Jalapeno and serrano peppers look almost like twins. Both are bright-to-deep green in appearance, although a serrano tends to be sleeker and longer than a jalapeno. There are many types of green chilies, but serrano and jalapeno peppers also are similar in terms of taste. However, make sure you know which pepper you've chosen before you dice one up for salsa or add it to your favorite ethnic cuisine. Even though they are mild compared to the fiery habanero or screaming hot ghost pepper, the contrast between a serrano chili and jalapeno lies in its temperament -- in this case, the heat.
Check the Chart, and the Nose
People have different tolerances to heat when it comes to hot peppers. One of the most trusted sources to consult when determining a pepper's effect on the taste buds is the Scoville Scale that measures heat units across the gamut of pepper species. According to the Scoville Scale, when compared with other peppers, both jalapeno and serrano chilies are midrange in regard to heat. However, serranos are hotter than jalapenos. The Scoville Scale gives jalapenos an average 2,500-8,000 heat units, while serrano peppers fall into the 8,000 to 22,000 range. The higher the number, the hotter the pepper.
If you don't have access to a Scoville Scale and you want to know which pepper is the hottest -- particularly if you have to choose between two serranos or two jalapenos -- conduct the less-scientific sniff test. The What's Cooking America website suggests cutting the pepper and holding it to your nose. The more intense the tingling sensation, the hotter the pepper. Alternatively, a mild pepper will not cause any sensation.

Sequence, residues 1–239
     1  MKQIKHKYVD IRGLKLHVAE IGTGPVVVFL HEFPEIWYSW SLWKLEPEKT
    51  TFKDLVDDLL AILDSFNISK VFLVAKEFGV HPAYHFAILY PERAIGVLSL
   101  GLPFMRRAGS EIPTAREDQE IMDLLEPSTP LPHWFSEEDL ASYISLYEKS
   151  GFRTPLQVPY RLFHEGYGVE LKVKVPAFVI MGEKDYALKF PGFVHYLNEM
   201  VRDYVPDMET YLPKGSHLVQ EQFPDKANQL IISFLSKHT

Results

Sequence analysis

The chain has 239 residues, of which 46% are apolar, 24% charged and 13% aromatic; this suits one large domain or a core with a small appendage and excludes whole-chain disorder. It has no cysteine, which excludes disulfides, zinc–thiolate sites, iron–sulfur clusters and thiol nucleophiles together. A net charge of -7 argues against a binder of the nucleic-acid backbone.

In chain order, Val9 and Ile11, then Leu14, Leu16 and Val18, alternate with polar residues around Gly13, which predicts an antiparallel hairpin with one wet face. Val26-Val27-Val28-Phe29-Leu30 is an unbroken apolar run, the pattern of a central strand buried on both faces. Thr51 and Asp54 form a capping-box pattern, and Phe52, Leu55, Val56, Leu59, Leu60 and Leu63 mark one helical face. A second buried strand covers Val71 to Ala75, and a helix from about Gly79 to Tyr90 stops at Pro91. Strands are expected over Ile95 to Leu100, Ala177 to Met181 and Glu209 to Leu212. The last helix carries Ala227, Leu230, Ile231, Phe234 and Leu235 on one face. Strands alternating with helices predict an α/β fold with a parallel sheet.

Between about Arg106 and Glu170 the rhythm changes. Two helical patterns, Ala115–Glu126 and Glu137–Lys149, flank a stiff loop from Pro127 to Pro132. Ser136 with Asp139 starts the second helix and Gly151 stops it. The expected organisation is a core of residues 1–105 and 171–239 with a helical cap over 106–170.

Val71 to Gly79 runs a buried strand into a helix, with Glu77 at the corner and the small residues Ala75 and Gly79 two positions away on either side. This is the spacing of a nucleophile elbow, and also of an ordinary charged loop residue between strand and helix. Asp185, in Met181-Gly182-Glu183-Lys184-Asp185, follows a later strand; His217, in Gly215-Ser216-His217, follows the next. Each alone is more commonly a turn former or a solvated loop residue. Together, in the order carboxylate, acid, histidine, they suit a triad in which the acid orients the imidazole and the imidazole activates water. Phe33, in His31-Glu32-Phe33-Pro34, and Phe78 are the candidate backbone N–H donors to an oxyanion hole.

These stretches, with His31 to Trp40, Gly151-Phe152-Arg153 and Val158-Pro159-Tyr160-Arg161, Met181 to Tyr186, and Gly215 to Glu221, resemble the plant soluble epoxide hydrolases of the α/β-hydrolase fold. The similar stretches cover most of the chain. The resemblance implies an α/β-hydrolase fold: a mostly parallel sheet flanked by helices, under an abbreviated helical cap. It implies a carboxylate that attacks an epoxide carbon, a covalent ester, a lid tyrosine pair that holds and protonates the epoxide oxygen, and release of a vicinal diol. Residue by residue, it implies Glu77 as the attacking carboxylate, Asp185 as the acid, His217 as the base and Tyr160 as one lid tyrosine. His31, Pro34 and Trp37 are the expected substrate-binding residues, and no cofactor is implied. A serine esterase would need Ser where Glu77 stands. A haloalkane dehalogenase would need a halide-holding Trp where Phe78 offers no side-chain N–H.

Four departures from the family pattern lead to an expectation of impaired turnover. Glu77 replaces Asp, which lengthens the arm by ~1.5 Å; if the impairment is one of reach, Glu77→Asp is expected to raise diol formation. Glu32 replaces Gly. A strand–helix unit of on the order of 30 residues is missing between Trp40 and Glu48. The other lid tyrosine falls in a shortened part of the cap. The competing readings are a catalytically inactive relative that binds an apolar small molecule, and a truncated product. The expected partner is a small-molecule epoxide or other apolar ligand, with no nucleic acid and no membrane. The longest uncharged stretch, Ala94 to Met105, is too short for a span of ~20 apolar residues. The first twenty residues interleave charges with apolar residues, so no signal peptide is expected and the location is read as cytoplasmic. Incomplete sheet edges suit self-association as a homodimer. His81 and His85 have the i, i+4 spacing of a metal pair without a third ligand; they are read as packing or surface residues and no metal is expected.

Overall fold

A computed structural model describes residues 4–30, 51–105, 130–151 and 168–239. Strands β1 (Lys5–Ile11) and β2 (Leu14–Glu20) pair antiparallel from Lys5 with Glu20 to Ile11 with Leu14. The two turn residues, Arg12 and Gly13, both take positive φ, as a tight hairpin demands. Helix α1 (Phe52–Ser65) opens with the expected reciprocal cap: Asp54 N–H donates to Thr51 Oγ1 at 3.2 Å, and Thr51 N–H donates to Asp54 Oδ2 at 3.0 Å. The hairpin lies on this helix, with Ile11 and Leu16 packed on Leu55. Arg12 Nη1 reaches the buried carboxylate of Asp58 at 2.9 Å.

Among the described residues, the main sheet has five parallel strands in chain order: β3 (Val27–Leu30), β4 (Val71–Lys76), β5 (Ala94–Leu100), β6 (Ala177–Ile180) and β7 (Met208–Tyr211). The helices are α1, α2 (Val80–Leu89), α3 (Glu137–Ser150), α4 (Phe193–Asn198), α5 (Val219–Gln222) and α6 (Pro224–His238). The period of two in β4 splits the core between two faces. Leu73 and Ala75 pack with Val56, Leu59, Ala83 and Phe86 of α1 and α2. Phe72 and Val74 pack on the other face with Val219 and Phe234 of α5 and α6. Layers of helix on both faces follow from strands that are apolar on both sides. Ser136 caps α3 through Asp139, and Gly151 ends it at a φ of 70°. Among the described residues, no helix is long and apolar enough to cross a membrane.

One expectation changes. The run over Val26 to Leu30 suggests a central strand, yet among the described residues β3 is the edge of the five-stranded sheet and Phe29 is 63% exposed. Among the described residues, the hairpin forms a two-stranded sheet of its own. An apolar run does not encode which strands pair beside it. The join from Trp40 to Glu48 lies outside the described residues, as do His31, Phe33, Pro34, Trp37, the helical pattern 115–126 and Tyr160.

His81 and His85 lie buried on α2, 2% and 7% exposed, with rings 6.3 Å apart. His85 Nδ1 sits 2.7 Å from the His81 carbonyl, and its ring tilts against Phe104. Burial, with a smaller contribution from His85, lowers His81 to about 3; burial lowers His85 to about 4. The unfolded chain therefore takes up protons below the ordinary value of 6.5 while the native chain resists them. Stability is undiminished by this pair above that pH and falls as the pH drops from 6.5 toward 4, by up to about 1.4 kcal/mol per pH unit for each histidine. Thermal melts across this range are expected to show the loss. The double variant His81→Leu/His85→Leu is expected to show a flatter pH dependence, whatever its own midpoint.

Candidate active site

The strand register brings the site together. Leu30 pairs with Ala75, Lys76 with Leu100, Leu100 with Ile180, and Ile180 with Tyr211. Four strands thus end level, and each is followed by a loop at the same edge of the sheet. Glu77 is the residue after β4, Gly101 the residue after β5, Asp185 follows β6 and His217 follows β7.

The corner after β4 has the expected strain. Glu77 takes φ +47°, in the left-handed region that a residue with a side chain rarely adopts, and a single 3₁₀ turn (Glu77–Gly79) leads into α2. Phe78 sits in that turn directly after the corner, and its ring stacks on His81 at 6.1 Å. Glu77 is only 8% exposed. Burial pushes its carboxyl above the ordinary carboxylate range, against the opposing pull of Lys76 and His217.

Controlling the Heat
When purchasing jalapeno and serrano peppers, look for smooth, thin skins and ensure they are firm to the touch. Both peppers have relatively thin skins, which means they do not have to be peeled or roasted prior to cooking. If the recipe calls for a jalapeno and you only have serrano peppers, don't despair. Serranos can be substituted for jalapenos, and vice versa. There also is a way to tone down the heat, even minimally. Prior to cutting into either type of pepper, don a pair of rubber gloves to prevent the oils from coming into contact with your skin. Slice the pepper open and remove the ribs and seeds if you want to reduce the pepper's heat.
Some Like It Hot
Although serrano peppers are considered spicy-hot compared to most jalapenos, you may be able to grow or buy varieties of jalapenos that possess varying degrees of heat. For example, Senorita jalapeno peppers are among the hottest, according to the Colorado Integrated Food Safety Center of Excellence website. Milder varieties of jalapenos include Fresno peppers -- that sport thinner walls than traditional jalapenos -- Sierra peppers and Mucho Nacho peppers.
Versatility In Cuisine
Serrano and jalapeno peppers are interchangeable when it comes to Mexican cuisine, particularly in salsa. However, those with a penchant for heat often choose the serrano. The jalapeno is often used in Indian curries and rice. Both serranos and jalapenos also can substitute for Thai chilies in traditionally spicy dishes such as in soups, noodles and rice. They also pair well in Thai shrimp or chicken dishes. Both types of peppers are generally used fresh, but also can be pickled.
- Pepper Seeds: The Scoville Scale
- Eat More Chiles: Serrano
- Seattle Times: Hotter than a Jalapeno -- All About Serranos
- Cook's Thesaurus: Fresh Chiles
- Colorado Integrated Food Safety Center of Excellence: Jalapeno Peppers
- What's Cooking America: Selection and Storage of Chili Peppers
- The Peppers Cookbook: Jean Andrews
- Eat More Chiles: Jalapeno
- Photo Credit juannovakosky/iStock/Getty Images
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